Meet Dr. Brian Bantum: First Generation College Graduate


– [Dr. Bantum] Oh superpower! Definitely I would fly. So I wanna fly because I
love the idea of being free. Teleportation was brought
up which seems kinda cool but there’s no sense
of that journey, right? You’re just there all of a sudden. What’s the fun of that? My name’s Dr. Brian Bantum and I am first generation
college graduate. When I was 16 I got a really
clear call to ministry but I wasn’t sure what that looked like. The only people that I
knew that were in ministry were senior pastors but
I wasn’t really sure that that’s what I felt called to. I was really afraid of potlucks and social gatherings [laughs]. I was like I can do the preaching thing but I don’t know about all those potlucks, so maybe there’s something
else for me God, please? My pastor had told me well
you should study something that’s not theology, and I loved history, and I loved learning about
African American history, and literature and movements, and slowly but surely I
started to have these questions about why was society the way it was? Why was there racism? My wife and I had met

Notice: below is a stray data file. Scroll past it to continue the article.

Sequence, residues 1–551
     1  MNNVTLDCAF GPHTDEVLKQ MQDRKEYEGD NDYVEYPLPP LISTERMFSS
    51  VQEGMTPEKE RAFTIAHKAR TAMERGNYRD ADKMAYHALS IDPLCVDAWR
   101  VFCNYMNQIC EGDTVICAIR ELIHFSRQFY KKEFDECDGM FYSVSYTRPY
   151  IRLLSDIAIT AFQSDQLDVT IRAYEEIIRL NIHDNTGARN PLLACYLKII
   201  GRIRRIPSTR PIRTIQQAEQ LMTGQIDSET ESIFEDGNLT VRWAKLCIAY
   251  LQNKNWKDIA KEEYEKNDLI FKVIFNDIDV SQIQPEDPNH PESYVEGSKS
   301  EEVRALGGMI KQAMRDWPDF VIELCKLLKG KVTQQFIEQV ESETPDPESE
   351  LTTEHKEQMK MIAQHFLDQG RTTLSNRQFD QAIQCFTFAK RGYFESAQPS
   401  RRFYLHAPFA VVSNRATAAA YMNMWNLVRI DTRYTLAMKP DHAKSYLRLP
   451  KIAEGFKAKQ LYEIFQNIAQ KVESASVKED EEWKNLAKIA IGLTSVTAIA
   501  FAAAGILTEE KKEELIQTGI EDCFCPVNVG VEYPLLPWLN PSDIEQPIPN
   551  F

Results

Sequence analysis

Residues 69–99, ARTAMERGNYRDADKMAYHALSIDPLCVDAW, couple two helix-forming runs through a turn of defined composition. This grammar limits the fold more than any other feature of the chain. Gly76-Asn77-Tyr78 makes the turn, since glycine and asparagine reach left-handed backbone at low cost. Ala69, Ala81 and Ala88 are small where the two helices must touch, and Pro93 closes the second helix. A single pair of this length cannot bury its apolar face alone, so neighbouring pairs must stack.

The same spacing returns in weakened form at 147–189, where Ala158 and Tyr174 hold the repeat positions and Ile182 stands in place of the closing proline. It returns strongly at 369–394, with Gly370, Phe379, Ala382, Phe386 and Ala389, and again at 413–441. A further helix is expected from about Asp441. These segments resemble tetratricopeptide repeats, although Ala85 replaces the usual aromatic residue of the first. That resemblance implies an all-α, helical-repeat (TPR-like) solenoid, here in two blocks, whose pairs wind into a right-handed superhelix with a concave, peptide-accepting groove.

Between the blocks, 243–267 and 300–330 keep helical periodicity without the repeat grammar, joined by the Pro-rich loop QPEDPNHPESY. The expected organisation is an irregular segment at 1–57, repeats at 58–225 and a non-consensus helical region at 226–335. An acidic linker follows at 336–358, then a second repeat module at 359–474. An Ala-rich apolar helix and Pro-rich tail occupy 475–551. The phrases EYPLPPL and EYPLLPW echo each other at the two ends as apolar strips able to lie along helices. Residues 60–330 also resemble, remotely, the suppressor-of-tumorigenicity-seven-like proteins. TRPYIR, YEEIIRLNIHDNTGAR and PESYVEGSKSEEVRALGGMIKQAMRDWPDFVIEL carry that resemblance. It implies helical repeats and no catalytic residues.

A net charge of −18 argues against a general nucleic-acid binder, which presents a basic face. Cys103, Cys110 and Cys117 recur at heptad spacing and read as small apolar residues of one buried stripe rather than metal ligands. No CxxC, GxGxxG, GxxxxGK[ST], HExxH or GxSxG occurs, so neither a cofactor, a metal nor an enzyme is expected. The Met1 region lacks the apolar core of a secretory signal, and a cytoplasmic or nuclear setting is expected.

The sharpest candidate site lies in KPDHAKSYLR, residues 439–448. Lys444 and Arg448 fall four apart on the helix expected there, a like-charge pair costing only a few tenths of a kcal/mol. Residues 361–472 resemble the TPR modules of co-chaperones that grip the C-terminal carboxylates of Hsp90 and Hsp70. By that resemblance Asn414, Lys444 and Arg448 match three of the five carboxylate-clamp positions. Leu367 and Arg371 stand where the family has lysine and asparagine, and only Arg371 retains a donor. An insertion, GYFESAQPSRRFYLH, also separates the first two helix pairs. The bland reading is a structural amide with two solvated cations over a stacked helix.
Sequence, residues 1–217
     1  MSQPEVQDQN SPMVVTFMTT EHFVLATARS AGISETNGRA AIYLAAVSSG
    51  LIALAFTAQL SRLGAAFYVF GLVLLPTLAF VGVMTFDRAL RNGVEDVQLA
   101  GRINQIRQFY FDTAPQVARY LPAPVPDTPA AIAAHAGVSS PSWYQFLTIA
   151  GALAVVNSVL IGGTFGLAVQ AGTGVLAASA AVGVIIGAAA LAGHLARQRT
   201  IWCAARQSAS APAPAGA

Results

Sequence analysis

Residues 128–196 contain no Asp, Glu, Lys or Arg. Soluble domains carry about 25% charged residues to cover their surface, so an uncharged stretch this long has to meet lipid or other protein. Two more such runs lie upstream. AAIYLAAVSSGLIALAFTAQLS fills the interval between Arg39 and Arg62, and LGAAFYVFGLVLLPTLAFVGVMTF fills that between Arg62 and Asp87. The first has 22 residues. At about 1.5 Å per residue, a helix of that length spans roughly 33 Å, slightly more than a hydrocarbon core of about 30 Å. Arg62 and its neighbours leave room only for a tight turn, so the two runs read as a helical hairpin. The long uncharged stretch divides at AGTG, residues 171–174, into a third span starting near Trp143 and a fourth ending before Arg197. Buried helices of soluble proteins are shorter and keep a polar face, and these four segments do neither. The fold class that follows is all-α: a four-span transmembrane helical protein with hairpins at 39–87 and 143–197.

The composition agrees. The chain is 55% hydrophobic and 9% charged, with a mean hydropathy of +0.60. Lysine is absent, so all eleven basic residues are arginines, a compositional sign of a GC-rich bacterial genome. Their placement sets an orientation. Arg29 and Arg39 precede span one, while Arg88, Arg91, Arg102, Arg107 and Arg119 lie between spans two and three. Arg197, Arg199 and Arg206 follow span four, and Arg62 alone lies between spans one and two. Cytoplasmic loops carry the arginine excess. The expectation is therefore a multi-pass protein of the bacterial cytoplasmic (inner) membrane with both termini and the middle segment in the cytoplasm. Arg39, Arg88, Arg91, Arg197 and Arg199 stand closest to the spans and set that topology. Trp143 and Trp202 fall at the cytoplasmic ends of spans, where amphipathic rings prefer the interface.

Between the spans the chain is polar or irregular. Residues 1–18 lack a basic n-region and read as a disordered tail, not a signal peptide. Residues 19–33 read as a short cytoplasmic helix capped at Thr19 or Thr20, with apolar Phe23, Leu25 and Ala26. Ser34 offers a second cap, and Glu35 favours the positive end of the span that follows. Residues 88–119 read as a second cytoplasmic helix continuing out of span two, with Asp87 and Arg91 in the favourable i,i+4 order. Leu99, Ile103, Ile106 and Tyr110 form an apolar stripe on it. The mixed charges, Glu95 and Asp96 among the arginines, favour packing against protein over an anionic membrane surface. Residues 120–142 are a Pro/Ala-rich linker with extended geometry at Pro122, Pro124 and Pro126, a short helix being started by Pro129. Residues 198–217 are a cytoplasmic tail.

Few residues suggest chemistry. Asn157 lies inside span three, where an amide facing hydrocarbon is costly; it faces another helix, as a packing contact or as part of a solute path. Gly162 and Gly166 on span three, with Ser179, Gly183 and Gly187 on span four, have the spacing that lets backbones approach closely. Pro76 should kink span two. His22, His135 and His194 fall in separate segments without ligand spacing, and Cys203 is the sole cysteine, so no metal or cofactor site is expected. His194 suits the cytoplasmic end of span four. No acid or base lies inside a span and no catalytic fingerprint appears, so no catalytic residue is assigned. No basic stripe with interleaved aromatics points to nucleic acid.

while we were in college but we were long distance. So we got married that
summer, I transferred schools, and we did our first year of married life as seniors in college. For my mom it was really
the fulfillment of what she always knew was possible for me. I had to tell her like mom, they said you have to be quiet. It’s a service, it’s
not just a graduation, and so of course I come
across, Brian Bantum, she’s like, “I love you Brian!” Like oh, there’s my mom. I am the Associate Professor of Theology at Seattle Pacific University. College is like a
language in a lot of ways and unfortunately a lot of
us were never given access to that language. Whether it’s how you read a syllabus, or the kind of understated
expectations about what an assignment is or isn’t, or even just the fact
that you can actually go ask for help. Not knowing
something is actually why you’re here, to learn, and so professors want to see you and want to walk with you. And what I love about
first generation students, everyone realizes that
whatever it is that we do it has to matter for our lives, and these students know that
it matters for their life, and they bring a passion
for their community, and a passion for their questions, and they’re not afraid of
drawing all of those ideas into their learning, and I think they have so much to teach us about what it means to
really be a curious learner, and a student in the
truest sense of the word.

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